How to assess COVID-19 information online: fact, fiction, or something in between

There are so many studies on COVID-19 and vaccinations for people to read and react to. How do we know / decide which study is accurate and useful for patients and which studies are not when it comes to COVID-19?

“There is more information on the Internet than anyone can digest,” says Melanie Swift, MD, infectious disease physician at the Mayo Clinic. “It can be hard to know what to believe. Depending on who runs the website or shares their interpretation of medical studies, this can be reliable, but it could be a misinterpretation of the data or completely falsified information.

Here are a few tips:

• Studies indexed in PubMed, published in reputable journals, and scientifically peer-reviewed are considered reputable.

• Studies that can be searched in Google Scholar may also have been peer reviewed, but it may be a “preprint” that has not yet been peer reviewed. peer review or that has not been accepted by a reputable scientific journal. Preprints are labeled as such and should be interpreted with caution.

Use reliable sources such as:

The Centers for Disease Control and Prevention (CDC) or the National Institute for Allergy and Infectious Diseases (a branch of the National Institutes of Health) – these websites will end in .gov.

The Mayo Clinic and other academic medical centers.

Medical professional societies such as the American Medical Association or the Infectious Diseases Society of America

Be careful:

• Websites featuring medical experts who are not trained in a relevant specialty or approved by a reputable medical center or legitimate medical company. “Specialists in infectious diseases or pulmonary medicine and intensive care are ideal sources of information on COVID-19. If the website or organization only features one or two independent specialty physicians, be skeptical, ”says Swift.

• Social media posts from people sharing opinions, anecdotes or their interpretation of medical studies. “People will generally say that they have done their own ‘research’, but that may mean that they have only looked for studies that support their bias. These people may not have the expertise to judge the validity of a medical study, justify their personal beliefs or promote a political agenda, ”adds Swift.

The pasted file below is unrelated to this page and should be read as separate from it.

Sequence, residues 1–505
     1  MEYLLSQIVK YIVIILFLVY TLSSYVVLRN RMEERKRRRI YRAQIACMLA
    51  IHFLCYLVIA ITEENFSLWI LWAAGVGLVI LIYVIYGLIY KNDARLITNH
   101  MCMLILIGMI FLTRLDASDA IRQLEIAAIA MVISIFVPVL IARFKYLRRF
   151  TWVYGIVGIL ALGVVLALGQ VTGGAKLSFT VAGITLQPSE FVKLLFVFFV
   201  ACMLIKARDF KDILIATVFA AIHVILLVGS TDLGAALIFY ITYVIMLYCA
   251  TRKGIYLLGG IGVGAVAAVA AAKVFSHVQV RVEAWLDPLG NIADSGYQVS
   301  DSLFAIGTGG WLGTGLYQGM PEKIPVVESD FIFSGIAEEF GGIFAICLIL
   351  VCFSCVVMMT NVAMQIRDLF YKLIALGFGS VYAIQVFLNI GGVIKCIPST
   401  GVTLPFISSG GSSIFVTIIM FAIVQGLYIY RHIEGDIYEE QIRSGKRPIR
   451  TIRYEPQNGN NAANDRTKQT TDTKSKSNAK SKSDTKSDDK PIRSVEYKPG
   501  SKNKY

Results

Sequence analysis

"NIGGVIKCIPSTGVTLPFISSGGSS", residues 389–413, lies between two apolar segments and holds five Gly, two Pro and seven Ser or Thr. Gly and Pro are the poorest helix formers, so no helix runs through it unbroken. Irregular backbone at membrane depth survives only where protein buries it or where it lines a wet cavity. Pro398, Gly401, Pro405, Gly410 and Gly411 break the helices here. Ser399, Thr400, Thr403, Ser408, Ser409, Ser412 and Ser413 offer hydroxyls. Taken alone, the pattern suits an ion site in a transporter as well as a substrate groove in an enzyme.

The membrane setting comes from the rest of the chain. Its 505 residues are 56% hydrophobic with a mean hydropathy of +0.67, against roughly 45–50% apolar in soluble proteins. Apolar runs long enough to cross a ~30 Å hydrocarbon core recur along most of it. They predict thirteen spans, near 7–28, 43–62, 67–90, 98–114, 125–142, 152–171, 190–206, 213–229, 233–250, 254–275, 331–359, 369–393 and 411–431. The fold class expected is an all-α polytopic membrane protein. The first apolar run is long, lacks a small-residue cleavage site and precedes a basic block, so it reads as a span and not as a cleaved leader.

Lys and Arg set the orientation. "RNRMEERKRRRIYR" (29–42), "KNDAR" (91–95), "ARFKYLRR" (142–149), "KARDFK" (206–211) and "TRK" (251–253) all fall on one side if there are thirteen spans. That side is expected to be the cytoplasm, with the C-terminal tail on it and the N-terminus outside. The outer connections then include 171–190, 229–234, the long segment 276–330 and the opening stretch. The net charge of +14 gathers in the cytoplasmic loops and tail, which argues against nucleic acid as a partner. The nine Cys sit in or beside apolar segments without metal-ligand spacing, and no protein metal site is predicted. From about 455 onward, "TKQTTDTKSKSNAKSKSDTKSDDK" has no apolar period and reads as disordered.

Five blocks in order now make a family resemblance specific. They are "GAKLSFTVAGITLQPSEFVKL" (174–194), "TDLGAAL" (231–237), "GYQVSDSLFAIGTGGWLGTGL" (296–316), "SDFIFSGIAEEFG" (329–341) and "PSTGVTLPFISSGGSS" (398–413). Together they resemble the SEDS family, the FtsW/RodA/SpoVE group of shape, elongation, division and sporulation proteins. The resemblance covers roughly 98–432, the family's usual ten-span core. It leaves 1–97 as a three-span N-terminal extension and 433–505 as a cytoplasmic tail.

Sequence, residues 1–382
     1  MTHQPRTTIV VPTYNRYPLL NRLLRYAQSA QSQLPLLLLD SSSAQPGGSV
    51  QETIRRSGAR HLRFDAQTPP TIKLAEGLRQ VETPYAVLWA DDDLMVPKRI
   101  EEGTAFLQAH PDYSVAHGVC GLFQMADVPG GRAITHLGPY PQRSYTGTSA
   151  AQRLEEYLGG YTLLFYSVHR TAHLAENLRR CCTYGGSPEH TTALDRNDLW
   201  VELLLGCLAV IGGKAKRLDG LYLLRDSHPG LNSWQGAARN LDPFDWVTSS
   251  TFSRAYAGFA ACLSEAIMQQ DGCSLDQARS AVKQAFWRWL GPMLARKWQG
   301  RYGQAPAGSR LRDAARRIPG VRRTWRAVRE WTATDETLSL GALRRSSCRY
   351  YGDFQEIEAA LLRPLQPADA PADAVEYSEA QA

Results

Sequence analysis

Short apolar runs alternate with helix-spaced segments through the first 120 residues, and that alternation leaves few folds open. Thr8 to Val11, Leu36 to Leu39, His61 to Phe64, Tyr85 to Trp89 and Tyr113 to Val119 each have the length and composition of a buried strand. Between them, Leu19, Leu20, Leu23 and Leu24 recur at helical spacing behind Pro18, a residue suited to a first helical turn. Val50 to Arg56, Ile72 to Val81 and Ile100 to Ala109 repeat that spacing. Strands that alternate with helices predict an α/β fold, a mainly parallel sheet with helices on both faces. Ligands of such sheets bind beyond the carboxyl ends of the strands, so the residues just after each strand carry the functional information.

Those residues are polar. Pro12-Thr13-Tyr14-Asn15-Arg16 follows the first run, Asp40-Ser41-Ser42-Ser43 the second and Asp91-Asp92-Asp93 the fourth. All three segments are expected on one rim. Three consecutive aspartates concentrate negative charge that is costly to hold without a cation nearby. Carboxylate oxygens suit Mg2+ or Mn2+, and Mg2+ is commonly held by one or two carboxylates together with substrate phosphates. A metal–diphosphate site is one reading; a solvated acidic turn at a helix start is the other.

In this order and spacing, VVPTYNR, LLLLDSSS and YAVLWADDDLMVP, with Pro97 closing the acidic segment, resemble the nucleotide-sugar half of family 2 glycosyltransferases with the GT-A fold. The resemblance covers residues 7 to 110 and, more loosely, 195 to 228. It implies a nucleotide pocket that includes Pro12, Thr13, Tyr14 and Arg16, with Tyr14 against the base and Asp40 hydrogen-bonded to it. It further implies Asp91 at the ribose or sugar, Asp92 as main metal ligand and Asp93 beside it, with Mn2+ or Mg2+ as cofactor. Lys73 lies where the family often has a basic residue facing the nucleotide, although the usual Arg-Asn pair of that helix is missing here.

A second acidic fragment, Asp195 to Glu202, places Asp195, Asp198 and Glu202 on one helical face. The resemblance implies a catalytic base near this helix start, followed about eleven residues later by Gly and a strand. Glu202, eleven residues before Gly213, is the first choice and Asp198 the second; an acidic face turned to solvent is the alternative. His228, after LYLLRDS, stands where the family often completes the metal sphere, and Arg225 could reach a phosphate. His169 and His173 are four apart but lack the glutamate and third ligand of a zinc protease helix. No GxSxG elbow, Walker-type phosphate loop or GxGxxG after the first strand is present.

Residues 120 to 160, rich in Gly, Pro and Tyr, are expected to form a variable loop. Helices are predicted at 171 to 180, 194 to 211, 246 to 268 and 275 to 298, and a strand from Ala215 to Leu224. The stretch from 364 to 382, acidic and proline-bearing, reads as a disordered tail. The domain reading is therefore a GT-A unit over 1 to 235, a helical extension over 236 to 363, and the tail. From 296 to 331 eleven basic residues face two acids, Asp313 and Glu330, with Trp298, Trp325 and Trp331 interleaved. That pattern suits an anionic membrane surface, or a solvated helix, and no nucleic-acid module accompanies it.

• Claims of alternative or “miracle” drugs that seem unrealistic, without studies published in reputable medical journals. When highly effective treatments are confirmed by valid scientific studies, they are made public by the CDC, medical centers, medical companies, and the reliable media.

A tutorial and a checklist:

“The National Library of Medicine provides a helpful tutorial on how to rate a health-related website, while the Surgeon General recommends a quick health misinformation checklist,” says Swift.

Some of the tips they offer include:

• Have you checked with the CDC or local public health department to see if there is any information about the claim made?

• Have you asked a trustworthy healthcare professional, such as your doctor or nurse, if they have any additional information?

• Did you type the request into a search engine to see if it was verified by a credible source?

• Did you check the “About Us” page on the website to see if you can trust the source?

• If you are not sure, do not share!


The information in this post was accurate at the time of posting. Due to the fluid nature of the COVID-19 pandemic, scientific understanding, as well as guidelines and recommendations, may have changed since the original publication date.

About Mark A. Tomlin

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